“My name is Hercule Poirot, and I am probably the greatest detective in the world,” says Kenneth Branagh at the end of the official trailer for “Murder on the Orient Express,” which 20th Century Fox released on Thursday, June 1 (watch above). Poirot is the famous Belgian detective from the mystery novels of Agatha Christie, and “Orient Express” is arguably her most famous work. But if anyone could be entrusted with this iconic work of fiction, it’s Branagh.
This is not Branagh’s first time playing a famous literary detective. He earned an Emmy nomination in 2009 for playing Swedish detective Kurt Wallander in the “Wallander” TV mysteries on PBS. Branagh is also the director of “Orient Express,” and he knows his way around a literary adaptation as well. He has directed film versions of everything from Shakespeare (“Hamlet,” “Henry V”) to fairy tales (Disney’s live-action “Cinderella” in 2015) to comic books (Marvel’s “Thor”). He’s such a Renaissance man in front of and behind the camera that he has earned five Oscar nominations, but he has never been nominated in the same category twice: Best Director (“Henry V,” 1989), Best Actor (“Henry V,” 1989), Best Live-Action Short (“Swan Song,” 1992), Best Adapted Screenplay (“Hamlet,” 1996) and Best Supporting Actor (“My Week with Marilyn,” 2011).
Perhaps 20th Century Fox is hoping to earn him repeat nominations for directing and acting because they’ve scheduled “Orient Express” for release on the awards-friendly date of November 10, and they have populated the film with a pedigreed cast of murder suspects, including Oscar winners Judi Dench and Penelope Cruz; Oscar nominees Johnny Depp, Willem Dafoe, and Michelle Pfeiffer; Emmy winner Derek Jacobi; Emmy nominee Olivia Colman; Tony winner Leslie Odom; Tony nominee Josh Gad; and recent “Star Wars” breakout Daisy Ridley.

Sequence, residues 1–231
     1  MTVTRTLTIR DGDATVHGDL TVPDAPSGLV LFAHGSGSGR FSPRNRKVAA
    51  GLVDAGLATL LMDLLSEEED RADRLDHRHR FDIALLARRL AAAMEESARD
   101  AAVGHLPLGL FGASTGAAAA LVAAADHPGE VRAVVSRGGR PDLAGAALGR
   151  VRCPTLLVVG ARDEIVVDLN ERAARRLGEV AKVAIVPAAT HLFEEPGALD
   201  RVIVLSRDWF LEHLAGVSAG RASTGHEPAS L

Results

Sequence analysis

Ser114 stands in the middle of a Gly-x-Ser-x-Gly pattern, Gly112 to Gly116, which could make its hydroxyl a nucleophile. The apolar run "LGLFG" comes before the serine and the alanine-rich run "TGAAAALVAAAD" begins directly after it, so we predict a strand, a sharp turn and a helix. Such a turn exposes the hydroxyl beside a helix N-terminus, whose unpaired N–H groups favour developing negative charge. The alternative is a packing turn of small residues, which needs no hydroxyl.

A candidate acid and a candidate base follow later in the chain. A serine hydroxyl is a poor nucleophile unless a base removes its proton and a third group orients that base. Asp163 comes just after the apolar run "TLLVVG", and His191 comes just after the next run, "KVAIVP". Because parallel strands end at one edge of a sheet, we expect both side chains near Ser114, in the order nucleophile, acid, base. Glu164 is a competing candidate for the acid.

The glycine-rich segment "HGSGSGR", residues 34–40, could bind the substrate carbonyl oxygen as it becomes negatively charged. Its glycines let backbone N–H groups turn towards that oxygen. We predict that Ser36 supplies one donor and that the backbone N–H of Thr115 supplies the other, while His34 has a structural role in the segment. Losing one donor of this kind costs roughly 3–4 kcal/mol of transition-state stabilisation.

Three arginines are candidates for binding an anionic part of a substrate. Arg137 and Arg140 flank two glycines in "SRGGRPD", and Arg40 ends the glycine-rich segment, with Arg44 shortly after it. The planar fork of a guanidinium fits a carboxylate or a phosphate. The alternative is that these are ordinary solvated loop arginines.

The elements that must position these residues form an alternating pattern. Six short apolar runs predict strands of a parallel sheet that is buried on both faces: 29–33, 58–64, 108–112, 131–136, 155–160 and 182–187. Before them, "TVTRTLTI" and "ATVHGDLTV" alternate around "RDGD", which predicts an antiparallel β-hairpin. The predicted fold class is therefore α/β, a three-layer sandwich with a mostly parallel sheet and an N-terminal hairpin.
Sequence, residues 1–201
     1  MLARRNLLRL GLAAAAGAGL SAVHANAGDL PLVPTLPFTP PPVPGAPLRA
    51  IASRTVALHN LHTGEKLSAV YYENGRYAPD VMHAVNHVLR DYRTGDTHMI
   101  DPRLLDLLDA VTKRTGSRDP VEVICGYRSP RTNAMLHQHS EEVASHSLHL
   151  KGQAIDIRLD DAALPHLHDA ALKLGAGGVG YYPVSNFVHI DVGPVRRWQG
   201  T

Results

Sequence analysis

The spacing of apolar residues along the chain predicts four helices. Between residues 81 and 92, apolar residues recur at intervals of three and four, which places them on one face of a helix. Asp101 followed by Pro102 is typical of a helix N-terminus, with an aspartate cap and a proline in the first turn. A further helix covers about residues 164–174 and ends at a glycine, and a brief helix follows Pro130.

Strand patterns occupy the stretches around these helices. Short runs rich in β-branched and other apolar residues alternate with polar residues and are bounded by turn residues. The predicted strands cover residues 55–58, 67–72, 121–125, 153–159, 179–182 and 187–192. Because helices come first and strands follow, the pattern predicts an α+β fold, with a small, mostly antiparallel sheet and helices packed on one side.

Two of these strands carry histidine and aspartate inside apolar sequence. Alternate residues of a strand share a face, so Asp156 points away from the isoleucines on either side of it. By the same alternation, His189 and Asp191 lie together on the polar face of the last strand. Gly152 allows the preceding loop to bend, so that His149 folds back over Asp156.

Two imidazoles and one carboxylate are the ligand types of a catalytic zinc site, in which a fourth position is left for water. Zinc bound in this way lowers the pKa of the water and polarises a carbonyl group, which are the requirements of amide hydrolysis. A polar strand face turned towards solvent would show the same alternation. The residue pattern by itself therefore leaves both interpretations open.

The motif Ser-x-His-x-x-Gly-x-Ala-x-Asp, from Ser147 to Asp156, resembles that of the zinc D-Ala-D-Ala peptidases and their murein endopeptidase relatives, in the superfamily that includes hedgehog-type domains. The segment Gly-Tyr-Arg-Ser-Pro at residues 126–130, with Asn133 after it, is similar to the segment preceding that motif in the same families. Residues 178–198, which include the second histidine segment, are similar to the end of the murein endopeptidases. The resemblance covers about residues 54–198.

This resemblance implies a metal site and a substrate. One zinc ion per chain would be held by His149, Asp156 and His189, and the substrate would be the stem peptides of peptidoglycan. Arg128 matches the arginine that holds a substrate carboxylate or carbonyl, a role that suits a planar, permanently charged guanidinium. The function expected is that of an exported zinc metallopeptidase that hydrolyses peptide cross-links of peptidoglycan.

The first adaptation of the 1934 novel was the Sidney Lumet 1974 film that featured an equally starry cast. The critically acclaimed box office smash was nominated for six Oscars — Best Actor (Albert Finney), Best Supporting Actress (Ingrid Bergman), Best Adapted Screenplay (Paul Dehn), Best Cinematography (Geoffrey Unsworth), Best Original Score (Richard Rodney Bennett), and Best Costume Design (Tony Walton). In the film’s only win, Bergman earned her third Oscar for her performance in the film as the missionary; Cruz is playing that part this time around.
Are you excited to meet these strangers on a train in November? Check out the trailer above and discuss this and more with your fellow movie fans in our forums.